John Hammond: I don't believe it! Hah! I don't believe it! You're supposed to come here and defend me against these characters and the only one I've got on my side is the bloodsucking lawyer!
Gennaro: Thank you.
I still stand that one of the greatest tragedies ever is that the WGA strike cut season three of Supernatural short. This season is a great season, but at only sixteen episodes there is a lot of threads left hanging, threads that are still playing into the show today. This is one of the best written shows on television and I want to know what the writers would have done with six more episodes.
One of the best things about season three is the episode Ghost Facers which was one of the first after the strike ended and it addressed issues in the strike – reality TV and the necessity of writers – all while pushing the greater plot of Dean’s impending death sentence and the brothers relationship further. The episode centers around Ed & Harry, terribly naive ghost hunters the brothers Winchester encountered in season one, who have now decided to create their own reality TV pilot and accidently drop in on a case the brothers are already working. The bulk of the episode is done as the completed pilot and we see the events unfold as if we were watching their show instead of Supernatural. It’s fantastic. The Ghost Facer’s themselves play into a wonderful joke in season four that I can only imagine was fun for the writers to create after this episode.
If you haven’t seen Supernatural I highly encourage you to start getting the DVD’s and seeing what you’ve missed.
Ed: We know you've had it hard during the crippling writer's strike.
Harry: Lazy fat cats!
Ed: Who needs writers when you've got guys like us?
Wednesday, March 24, 2010
Joel & Ethan Coen make movies unlike anyone else, A Serious Man is by far one of the most unique cinematic experiences released in 2009. In fact, A Serious Man is a film that can’t simply be watched in one viewing and understood – I am still not sure if I completely understood the film. After watching the Coen’s latest best picture nominee I completely understand why it garnered as much recognition as it did, though it is definitely not a film that appeals to the mass audience.
Part of what I enjoyed so much about A Serious Man was the sense of humor behind it. This is not an obvious comedy, but as with anything the Coen’s make there is a sense of humor running throughout it; it’s unique, a bit twisted and more than anything very personalized to the world of their film. The humor in this film comes from the fact that Larry Gopnik is the victim of a tragic comedy and he is completely unaware of it.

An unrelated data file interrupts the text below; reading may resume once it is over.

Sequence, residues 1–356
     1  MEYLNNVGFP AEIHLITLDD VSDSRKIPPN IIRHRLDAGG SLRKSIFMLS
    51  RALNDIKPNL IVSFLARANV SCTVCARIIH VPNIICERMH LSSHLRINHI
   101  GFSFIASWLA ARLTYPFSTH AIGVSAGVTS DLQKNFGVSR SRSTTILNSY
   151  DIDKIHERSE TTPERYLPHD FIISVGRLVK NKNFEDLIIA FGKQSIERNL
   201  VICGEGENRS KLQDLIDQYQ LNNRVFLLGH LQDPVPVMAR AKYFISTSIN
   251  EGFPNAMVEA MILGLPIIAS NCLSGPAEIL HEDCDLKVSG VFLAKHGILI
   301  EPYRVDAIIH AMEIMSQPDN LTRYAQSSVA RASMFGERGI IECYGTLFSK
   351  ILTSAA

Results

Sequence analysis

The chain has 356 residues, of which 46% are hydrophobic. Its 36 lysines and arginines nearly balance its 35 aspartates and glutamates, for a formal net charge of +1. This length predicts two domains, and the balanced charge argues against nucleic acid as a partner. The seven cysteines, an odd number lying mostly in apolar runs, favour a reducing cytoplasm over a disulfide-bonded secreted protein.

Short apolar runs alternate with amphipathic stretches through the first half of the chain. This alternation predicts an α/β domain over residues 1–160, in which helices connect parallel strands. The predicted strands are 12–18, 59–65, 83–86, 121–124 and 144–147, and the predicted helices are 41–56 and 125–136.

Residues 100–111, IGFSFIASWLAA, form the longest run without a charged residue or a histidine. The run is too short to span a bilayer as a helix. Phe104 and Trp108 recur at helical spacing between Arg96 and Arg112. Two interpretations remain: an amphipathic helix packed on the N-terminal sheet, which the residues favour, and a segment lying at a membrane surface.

There are many themes running through A Serious Man one of the biggest being action & reaction – parallels in lives and situations. Larry & Sy both wanting to be with Larry’s wife, Larry’s son getting to talk to Rabbi Marshak when Larry is never allowed entry to Marshak’s presence, Larry & Sy’s accidents coinciding on the same day, etc. but this is not the only pattern hidden in the film. This film is filled to the brim with symbolism, reference and the mundane and sorting through it will be something film scholars do for generations yet only the Coens will ever know what the meaning behind A Serious Man truly is.
Directors & Writers: Ethan & Joel Coen
Larry Gopnik: Michael Shuhlbarg
Uncle Arthur: Richard Kind
Sy Ableman: Fred Melamed
Judith Gopnik: Sari Lennick
Danny Gopnik: Aaron Wolff
Sarah Gopnik: Jessica McManus
Larry Gopnik: You understand the dead cat? But... you... you can't really understand the physics without understanding the math. The math tells how it really works. That's the real thing; the stories I give you in class are just illustrative; they're like, fables, say, to help give you a picture. An imperfect model. I mean - even I don't understand the dead cat. The math is how it really works.
Friday, March 12, 2010
Let me explain, I think Tim Burton is a talented director with an incredibly unique visual style. You can’t see a Tim Burton film and not feel his hand all over it. However, that is also my problem with Tim Burton. I think he’s a very one note director that’s all about the visuals and while he gets good performances out of his actors he merely makes the same movie over and over again – dark theme, angry characters, blue/gray visuals, lots of stripes and clouds. The one notable exception to this rule is Big Fish; that movie is far different than anything I’ve ever seen him do and proof that if given the inspiration Burton can think outside his box and do it beautifully. Despite all hope to the contrary, Alice in Wonderland is not Burton thinking outside is box. Burton is fully in his box, and again not trying anything new.
I knew that it was going to end up being the same old Burton film right from the opening shot. The camera panned down a cloudy night sky onto a full moon ringed by clouds and I literally groaned and complained out loud – I have a witness – it’s such a Tim Burton shot, there’s no other way to out it. Alice in Wonderland may have more color and effects than I am used to seeing in a Burton film, but at the end of the credits it’s just the same old Burton gothic film.
The one saving grace to my feelings about Burton and Alice in Wonderland is that I don’t think the film falling flat is all his fault. Throughout the film you are given hints of a darker side of the story, a hints of a romance between Hatter & Alice and other elements that tell you perhaps Burton was trying to go another direction with his reimagined Alice and was prevented from doing so by some higher power, probably for the sake of a PG rating.